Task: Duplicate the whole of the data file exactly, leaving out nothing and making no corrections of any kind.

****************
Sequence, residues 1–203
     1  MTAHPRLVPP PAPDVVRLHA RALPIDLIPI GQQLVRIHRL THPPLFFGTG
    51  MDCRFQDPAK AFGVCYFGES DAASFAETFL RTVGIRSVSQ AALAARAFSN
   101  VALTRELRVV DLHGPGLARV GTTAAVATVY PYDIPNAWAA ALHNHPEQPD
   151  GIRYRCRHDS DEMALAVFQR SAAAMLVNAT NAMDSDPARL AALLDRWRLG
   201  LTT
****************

Sequence, residues 1–203
     1  MTAHPRLVPP PAPDVVRLHA RALPIDLIPI GQQLVRIHRL THPPLFFGTG
    51  MDCRFQDPAK AFGVCYFGES DAASFAETFL RTVGIRSVSQ AALAARAFSN
   101  VALTRELRVV DLHGPGLARV GTTAAVATVY PYDIPNAWAA ALHNHPEQPD
   151  GIRYRCRHDS DEMALAVFQR SAAAMLVNAT NAMDSDPARL AALLDRWRLG
   201  LTT